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Old 03-26-2011, 06:01 AM   #16
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I have observed there are two main types of car lovers: Those who freeze time, and those who drive/modify their cars for fun.
If you buy a car as an investment, it stays parked. Perhaps loved, but certainly un-used. There will come a time when the supply of restorable Mustangs will be exhausted, just as what happened with the Model A. I, for one, choose to drive my 65. I've updated it with a modern driveline, brakes and steering. It is much more enjoyable as a driver now than it was stock. And isn't the Hobby about enjoying your car?
I will try to bring mine back to factory look and feel, as much as I can and my budget allows. I'll try to strike a balance between expense and car value. I not only want my car to look, but to also feel like a 1967 Stang felt when it came out of the Metuchen, NJ assembly line, bad braking, unsafe, and all. The way I see it, the more 67 Stangs are cut up and modified beyond the threshold where you can bring it back, the more valuable my car will be. I am not sure if I'll be able to bring it to concours level, or how much value it will hold, but I'll do it for the fun of it. I'll drive it on weekends and enjoy the heck out of it with my family on the many weekend classic car meets at home.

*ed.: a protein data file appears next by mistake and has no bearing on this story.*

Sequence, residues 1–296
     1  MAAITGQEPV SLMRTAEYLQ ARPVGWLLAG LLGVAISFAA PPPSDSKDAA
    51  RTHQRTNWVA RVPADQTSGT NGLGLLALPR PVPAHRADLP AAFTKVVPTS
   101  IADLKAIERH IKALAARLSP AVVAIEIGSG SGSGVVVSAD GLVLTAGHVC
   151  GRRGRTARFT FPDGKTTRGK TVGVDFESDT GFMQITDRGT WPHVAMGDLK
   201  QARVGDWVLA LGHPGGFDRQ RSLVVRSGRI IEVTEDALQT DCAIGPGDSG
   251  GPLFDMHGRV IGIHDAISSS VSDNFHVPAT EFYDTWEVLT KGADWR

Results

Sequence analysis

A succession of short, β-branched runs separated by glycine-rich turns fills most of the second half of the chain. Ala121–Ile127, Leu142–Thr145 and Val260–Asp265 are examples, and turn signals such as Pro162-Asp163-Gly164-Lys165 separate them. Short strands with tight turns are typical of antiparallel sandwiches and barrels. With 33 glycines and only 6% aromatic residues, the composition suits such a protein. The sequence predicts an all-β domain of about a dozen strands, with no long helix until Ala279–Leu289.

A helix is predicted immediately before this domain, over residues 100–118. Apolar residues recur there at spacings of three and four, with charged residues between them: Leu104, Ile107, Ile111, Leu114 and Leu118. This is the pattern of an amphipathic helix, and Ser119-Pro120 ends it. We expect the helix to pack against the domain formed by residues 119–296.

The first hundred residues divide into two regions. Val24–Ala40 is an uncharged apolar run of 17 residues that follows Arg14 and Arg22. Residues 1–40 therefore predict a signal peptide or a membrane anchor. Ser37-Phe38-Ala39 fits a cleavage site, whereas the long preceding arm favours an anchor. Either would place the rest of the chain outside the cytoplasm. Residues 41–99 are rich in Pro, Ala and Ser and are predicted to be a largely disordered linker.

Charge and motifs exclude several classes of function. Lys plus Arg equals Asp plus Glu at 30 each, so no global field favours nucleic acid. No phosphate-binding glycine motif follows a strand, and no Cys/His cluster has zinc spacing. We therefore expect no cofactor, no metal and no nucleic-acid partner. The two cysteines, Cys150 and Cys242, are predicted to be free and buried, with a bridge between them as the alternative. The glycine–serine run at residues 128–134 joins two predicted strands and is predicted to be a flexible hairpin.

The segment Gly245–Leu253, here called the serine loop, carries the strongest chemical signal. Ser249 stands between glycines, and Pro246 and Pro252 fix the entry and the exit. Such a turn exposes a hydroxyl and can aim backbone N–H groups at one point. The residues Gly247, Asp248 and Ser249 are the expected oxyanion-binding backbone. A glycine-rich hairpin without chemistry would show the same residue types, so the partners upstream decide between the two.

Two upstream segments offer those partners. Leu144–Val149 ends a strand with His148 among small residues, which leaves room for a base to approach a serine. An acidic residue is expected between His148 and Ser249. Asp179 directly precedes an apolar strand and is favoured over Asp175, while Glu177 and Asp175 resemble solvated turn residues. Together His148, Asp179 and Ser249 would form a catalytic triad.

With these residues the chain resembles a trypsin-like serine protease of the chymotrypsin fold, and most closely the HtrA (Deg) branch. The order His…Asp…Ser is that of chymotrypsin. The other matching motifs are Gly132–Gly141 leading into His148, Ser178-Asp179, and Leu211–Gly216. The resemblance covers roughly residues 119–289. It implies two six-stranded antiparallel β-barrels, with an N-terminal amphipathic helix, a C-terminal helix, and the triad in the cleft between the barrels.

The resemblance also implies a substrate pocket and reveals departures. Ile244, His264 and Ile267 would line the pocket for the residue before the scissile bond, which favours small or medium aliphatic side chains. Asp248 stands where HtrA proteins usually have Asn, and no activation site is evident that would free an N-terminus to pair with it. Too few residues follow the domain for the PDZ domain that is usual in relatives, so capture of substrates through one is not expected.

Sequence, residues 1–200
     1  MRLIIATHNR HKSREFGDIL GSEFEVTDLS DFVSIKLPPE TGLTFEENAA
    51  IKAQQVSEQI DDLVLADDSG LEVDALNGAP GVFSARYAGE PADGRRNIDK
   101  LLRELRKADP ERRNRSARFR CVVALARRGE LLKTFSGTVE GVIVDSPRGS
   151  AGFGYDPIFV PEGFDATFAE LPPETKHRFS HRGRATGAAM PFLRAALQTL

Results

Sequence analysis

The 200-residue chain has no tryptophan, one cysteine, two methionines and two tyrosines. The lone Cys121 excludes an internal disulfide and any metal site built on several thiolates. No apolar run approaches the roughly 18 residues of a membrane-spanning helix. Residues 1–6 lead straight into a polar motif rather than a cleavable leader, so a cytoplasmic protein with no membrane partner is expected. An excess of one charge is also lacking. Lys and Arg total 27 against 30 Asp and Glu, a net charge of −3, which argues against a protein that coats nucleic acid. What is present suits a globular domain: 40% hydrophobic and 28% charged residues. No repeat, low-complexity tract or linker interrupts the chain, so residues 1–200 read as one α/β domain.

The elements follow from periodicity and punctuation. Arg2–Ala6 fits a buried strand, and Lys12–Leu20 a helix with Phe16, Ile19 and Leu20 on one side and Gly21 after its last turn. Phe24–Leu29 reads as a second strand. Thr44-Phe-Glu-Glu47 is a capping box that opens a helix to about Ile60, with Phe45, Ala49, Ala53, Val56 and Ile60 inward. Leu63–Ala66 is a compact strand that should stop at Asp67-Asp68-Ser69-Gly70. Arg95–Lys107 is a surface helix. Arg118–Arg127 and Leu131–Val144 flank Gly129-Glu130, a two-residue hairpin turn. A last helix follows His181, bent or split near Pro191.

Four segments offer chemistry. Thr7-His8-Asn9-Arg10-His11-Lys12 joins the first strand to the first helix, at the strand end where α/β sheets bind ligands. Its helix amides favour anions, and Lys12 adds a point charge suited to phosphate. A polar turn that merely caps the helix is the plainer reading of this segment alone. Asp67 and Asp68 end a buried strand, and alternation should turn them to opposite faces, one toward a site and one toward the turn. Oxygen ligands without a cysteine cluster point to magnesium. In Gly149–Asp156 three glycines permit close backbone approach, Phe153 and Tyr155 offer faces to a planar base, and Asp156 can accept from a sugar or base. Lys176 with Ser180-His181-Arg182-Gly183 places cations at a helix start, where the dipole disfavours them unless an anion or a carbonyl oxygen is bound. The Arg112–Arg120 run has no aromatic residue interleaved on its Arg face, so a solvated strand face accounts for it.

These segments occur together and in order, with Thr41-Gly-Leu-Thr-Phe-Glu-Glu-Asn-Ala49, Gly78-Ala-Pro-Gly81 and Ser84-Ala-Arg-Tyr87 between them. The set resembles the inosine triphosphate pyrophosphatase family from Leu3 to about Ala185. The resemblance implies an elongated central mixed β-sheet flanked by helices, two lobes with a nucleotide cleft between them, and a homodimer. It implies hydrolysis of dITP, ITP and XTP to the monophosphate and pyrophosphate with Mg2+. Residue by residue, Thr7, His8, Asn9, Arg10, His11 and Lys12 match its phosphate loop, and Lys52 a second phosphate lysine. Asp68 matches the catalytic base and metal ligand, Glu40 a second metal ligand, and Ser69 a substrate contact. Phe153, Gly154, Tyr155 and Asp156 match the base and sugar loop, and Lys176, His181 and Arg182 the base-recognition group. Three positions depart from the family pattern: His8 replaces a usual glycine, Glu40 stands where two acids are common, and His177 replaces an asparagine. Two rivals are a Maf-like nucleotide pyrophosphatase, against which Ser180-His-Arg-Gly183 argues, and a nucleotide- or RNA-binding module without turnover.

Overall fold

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Old 04-23-2011, 09:09 AM   #17
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The big problem is the shear number of 2 barrel, 3 speed coupes that were produced. You can look at any car show and pretty soon you get tired of seeing the same car over and over. How many original Mustang coupes do we need?